Holiday Hurdles: Navigating Work, Time Off, and AI in the Festive Season
Have you ever found yourself checking work emails while sipping on eggnog at a holiday party or reviewing a work presentation in between Thanksgiving dinner courses? You're not alone. The holiday season, although traditionally reserved for rest and celebration, has increasingly become a battleground between work obligations and personal time.
We wanted to explore the various factors that influence how and when employees choose to step away from their work duties, from the pressure to work due to advancements in artificial intelligence (AI) to starting side hustles. To understand how Americans handle their time off during the holidays, we surveyed 1,014 full-time employees about their holiday work habits, feelings about AI in the workplace, and the impact of remote work on their holiday plans.
Our insights shed light on the evolving relationship between work and leisure during the most wonderful time of the year.
- Nearly 1 in 5 non-retail employees will be working during Thanksgiving this year, and over 1 in 10 will be working on Christmas Day.
- More than 1 in 7 employees working during the holidays feel pressured to work because of advancements in AI.
- In the past year, nearly half of employees (46%) worked while on vacation.
- Nearly 3 in 10 employees who worked on vacation in the last year plan to look for a new job next year.
- 65% of employees would not be interested in a policy that rewards them with additional days off for meeting goals but deducts days if goals are not met.
Holiday Cheer vs. Work Responsibilities
As we begin to unwrap our findings, let's examine the relationship between celebrations and work obligations according to our survey respondents.
As the holiday season approaches, many Americans get caught in the crosshairs of balancing work and celebration. The advent of AI has also added a new layer of complexity to this dynamic. More than 1 in 7 employees who said they'll work during the holidays expressed that AI advancements make them feel pressured to do so.
Also, nearly 3 in 10 respondents overall shared that they plan to keep up-to-speed with AI advancements over the holidays. These sentiments might stem from a number of issues AI can have in the workplace. For example, AI increases productivity but also expectations for workers' output. It has also created competition for work in some industries, and although it can save time in many areas of business, it can end up adding additional tasks to the workflow.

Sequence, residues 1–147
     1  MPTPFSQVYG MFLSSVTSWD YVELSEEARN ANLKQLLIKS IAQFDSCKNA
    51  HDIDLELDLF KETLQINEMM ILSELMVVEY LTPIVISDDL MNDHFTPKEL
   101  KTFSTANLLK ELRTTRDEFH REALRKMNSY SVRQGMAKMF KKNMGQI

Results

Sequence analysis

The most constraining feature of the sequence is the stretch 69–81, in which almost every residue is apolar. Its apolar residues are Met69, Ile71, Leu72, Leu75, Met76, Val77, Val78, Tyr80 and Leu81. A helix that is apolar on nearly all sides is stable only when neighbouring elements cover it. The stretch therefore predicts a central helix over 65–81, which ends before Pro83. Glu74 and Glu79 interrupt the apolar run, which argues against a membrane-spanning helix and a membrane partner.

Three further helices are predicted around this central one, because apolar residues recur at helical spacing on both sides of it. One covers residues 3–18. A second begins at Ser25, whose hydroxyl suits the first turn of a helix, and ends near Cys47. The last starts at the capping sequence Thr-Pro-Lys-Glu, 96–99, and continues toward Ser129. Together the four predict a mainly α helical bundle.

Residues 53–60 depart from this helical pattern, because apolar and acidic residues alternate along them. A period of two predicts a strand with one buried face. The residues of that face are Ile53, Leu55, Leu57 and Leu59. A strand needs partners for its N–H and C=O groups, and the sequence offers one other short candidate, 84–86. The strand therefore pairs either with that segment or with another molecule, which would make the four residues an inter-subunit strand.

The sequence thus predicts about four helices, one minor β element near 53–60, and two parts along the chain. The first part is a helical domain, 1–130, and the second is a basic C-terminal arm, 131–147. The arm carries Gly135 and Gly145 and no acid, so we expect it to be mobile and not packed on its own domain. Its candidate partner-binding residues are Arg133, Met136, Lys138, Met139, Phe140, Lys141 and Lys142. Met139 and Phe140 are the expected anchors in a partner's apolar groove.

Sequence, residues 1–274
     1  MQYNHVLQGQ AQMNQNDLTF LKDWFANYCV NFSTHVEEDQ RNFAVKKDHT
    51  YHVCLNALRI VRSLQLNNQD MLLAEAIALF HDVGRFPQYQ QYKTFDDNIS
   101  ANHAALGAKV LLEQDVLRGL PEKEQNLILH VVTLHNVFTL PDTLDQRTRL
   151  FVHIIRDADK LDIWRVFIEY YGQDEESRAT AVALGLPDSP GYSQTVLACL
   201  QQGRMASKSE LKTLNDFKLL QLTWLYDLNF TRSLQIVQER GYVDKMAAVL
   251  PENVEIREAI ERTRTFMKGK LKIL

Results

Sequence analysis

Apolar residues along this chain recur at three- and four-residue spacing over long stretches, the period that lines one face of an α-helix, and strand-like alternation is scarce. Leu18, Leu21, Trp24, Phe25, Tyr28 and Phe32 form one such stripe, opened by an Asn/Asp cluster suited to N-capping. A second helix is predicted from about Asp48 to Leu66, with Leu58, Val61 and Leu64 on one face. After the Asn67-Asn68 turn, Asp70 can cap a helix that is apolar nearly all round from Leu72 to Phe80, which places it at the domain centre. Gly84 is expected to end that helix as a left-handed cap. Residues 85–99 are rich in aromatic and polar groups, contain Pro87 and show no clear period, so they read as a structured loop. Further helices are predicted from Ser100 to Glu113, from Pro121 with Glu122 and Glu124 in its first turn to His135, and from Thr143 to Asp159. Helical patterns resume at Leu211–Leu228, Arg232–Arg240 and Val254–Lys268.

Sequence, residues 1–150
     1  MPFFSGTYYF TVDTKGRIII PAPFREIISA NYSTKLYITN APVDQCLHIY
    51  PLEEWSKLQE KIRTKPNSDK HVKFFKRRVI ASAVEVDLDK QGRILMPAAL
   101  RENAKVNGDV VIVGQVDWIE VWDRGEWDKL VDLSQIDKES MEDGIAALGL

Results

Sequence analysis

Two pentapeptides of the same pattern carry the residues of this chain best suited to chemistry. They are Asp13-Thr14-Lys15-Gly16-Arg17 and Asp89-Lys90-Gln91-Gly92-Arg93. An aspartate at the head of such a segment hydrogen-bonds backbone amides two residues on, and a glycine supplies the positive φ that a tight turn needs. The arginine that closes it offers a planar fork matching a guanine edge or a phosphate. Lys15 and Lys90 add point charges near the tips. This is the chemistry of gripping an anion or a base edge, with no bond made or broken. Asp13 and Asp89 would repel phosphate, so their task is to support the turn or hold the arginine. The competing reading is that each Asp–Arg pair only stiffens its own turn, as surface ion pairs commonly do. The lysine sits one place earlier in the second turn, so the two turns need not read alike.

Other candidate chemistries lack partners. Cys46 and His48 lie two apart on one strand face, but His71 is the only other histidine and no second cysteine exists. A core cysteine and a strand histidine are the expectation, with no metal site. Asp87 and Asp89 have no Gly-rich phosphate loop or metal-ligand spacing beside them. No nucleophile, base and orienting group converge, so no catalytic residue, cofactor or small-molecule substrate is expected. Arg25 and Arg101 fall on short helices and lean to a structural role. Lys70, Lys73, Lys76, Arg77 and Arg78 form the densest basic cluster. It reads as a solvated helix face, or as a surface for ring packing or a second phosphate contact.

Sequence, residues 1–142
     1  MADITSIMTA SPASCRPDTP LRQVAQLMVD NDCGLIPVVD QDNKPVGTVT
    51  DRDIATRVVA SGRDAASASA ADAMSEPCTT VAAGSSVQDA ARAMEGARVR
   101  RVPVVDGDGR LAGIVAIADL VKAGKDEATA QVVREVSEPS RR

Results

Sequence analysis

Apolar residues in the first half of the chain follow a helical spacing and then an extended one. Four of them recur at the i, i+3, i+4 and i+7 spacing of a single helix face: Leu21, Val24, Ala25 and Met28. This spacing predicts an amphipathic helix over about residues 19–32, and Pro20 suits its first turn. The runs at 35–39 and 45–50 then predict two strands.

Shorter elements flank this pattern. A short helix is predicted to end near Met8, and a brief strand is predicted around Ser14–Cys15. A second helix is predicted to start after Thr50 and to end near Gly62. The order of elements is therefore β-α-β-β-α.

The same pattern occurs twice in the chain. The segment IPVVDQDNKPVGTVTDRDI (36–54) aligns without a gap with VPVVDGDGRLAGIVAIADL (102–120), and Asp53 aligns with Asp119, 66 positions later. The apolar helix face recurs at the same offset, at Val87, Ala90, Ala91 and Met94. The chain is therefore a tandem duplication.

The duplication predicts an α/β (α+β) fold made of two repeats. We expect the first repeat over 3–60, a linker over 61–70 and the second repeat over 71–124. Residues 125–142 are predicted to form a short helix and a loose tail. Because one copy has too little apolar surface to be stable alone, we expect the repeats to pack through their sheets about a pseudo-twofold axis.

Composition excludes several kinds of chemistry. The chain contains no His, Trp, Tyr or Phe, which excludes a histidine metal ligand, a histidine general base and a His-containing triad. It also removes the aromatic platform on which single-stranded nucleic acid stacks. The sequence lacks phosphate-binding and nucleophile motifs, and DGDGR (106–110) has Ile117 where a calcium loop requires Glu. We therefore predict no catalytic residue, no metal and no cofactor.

Overall, over 1 in 10 non-retail employees said they'll be clocking in on Christmas Day, and even more — nearly 1 in 5 — will work on Thanksgiving. Remote and on-site employees were equally as likely to work on Thanksgiving, with 21% of both groups planning to do so. However, remote workers were 45% more likely than their on-site counterparts to work on Christmas Day.
Family traditions and travel needs vary, but it seems that most Americans prefer to hold their festivities on December 25 — or their bosses assume they do. Employees were far more likely to work on Christmas Eve (24%) than on Christmas Day (12%). This was especially true for IT professionals, who were 61% more likely to work the day before Christmas than the day of. As for New Year's Day, on-site workers were 24% more likely than remote ones to work it.
With the holidays fast approaching, more than half (52%) also told us they were gearing up to work a side hustle in addition to their full-time job. This trend was particularly pronounced among remote workers, who were 18% more likely than those on-site to take up a side hustle around the holidays. Remote work's flexibility can make it easier to work multiple jobs, which can come in handy during the gift-buying season.
Vacations or Vocations?
Let's look into the impact of these trends on the American workforce and how employees are navigating taking time off in the digital age.
With technology making it possible to reach people almost anywhere, anytime, the line between work and leisure time is becoming increasingly blurred. In the past year, nearly half of employees (46%) reported that they worked during their valuable vacation time. This trend was even more pronounced among remote workers, who were 17% more likely than their on-site counterparts to do so. Men were also 9% more likely to than women. However, Gen Zers were the least likely (only 36%).